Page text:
Balancing on a Warship

Russian aggression against Ukraine has had numerous ripple effects across the international community, and one is the instigation of unique drama regarding a three-year old contract for France to build and deliver two Mistral-class helicopter carriers to Russia. Since the Ukrainian crisis began, this contract has moved between markedly different states, but remained intact. While the West has decried France for maintaining the viability of this military agreement in the face of Russian belligerence, its reason for doing so is not easily dismissed: the incredibly conflicted but important desire to be both domestically and internationally responsible. What has resulted is an impressive balancing act of international law and foreign policy whereby France has flouted the terms of its contract with Russia, resisted completely appeasing its allies and domestic actors, but managed to keep all parties reasonably mollified.

It all began in 2011, when France signed the contract with Russia. Subsequently, in 2014, Russia moved against Ukraine and the West responded by implementing sanctions. While France originally defended the continuation of the contract by noting that the sanctions did not apply to it, as pressure mounted, France proposed withholding the second carrier. It then placed the contract on temporary hold pending further evaluation of the situation and stated that it would not hand over the completed carrier until Russia met certain conditions: a permanent ceasefire in Ukraine and roadmap for the settlement of the dispute. This prompted Russia to set a deadline of the end of November for the first carrier’s delivery or it would undertake legal action, which France rebuffed. Finally, French President François Hollande indefinitely suspended the contract.

France’s language and the stance it has taken are important. It has not cancelled the contract, nor realistically threatened to do so, even in the face of substantial diplomatic pressure from the international community, including NATO commanders. This is because the deal is worth approximately $1.6 billion, and France would be liable for repayment of the full amount to Russia plus, most likely, penalty fees for breach of contract. Moreover, the contract is responsible for the employment of hundreds of French workers. In an otherwise morose economy, the French defense industry is a rare bright spot. Preliminary data for France’s 2014 arms exports, in spite of the Russian situation, suggests a substantial increase over already impressive 2013 sales, from $7.75 billion to $9.5 billion. The sector, and the politicians in power, would take a substantial hit if the Mistral contract were cancelled.

Despite the importance of this contract, France has still been willing to suspend it. This is because standing opposed to a purely economic approach to the situation is the fact that France is currently decrying Russia for its military actions in Ukraine. Simultaneously delivering powerful military hardware would be quite hypocritical. In addition, France has been a consistent champion of human rights and the rule of law, and the principles of liberty, equality, and fraternity are firmly imbedded in the national consciousness. France’s allies have also been vocal in their requests that it scrap the deal given the current geopolitical situation.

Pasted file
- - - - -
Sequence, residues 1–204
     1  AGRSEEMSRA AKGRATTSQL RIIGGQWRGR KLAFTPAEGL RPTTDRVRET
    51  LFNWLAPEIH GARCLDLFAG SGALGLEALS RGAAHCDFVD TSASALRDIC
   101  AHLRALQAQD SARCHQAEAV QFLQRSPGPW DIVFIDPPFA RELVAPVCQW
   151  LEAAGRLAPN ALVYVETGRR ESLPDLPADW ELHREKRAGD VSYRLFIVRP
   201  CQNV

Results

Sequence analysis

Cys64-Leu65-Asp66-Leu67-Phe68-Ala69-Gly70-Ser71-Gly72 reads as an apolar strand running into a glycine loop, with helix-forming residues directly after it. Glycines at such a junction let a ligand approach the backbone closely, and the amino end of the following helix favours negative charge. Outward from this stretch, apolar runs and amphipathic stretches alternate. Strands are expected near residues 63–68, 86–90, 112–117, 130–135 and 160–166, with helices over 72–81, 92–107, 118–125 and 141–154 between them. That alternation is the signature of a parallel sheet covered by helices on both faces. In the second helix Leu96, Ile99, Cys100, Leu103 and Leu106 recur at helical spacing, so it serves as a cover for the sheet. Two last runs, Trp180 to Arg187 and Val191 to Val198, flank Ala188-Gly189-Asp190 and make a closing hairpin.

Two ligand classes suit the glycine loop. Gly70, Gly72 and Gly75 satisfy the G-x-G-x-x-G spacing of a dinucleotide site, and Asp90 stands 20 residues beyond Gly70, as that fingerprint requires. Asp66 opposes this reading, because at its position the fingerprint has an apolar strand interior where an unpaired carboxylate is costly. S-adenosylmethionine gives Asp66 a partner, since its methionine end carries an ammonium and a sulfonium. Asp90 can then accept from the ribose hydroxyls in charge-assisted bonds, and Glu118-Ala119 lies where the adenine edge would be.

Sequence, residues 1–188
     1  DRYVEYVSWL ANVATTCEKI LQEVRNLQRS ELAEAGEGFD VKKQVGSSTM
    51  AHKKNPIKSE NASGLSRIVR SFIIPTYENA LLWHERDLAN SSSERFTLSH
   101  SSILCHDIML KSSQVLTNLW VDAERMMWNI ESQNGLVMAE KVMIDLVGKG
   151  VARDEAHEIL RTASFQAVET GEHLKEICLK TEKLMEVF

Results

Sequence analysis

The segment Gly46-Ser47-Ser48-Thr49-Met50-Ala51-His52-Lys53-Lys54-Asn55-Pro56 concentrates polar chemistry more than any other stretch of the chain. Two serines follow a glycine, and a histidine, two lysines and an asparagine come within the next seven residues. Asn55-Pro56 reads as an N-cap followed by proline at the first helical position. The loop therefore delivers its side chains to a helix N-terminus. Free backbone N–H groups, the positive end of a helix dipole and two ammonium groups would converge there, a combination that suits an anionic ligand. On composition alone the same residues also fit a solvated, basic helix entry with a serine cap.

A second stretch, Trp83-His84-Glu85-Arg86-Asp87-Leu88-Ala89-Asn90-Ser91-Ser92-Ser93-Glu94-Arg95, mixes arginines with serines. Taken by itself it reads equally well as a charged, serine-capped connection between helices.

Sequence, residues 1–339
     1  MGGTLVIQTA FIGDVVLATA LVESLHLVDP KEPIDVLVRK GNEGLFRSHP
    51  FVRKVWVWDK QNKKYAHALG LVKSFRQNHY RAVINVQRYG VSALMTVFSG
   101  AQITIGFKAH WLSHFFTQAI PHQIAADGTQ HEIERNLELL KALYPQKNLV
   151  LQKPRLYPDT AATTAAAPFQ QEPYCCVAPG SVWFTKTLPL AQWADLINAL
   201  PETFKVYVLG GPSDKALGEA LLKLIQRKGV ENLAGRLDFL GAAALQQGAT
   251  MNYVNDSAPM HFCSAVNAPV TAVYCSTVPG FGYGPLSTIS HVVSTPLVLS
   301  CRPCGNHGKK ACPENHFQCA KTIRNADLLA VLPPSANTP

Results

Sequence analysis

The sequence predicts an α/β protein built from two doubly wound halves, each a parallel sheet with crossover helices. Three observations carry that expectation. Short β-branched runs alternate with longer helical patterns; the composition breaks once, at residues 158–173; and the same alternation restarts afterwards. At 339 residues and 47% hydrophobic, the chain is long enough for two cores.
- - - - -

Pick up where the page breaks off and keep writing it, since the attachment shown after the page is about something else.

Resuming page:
When approached through the prism of France’s incompatible but significant interests in the Mistral contract, its balancing act between cancellation and delivery is quite understandable. In fact, France can be seen to be skillfully and simultaneously working in the best interests of its people and the international community by maintaining the viability of a lucrative deal while punishing Russia for its actions. Meanwhile, Russia has thus far held off on pursuing legal action against France since the contract, though suspended, remains intact.

There will, however, likely come a time when France must decide on which side of its precarious perch it falls. As it stands, the easiest route appears to be completion of the contract. France may use a reduction in tensions to go through with the deal and avoid financial penalties. It is unlikely that, barring a resumption of substantial Russian aggression, France will decide to terminate the contract. Meaningful aid from allies in mitigating economic harm or assured alternative buyers may, however, make cancellation viable.

For now, and until such time as a decision becomes necessary, France will continue to stand firmly infirm between domestic and international responsibility. While all sides – French industry, the international community, and Russia – are not happy with the current lack of assurance, their interests have been placated and France is largely fulfilling its obligations.

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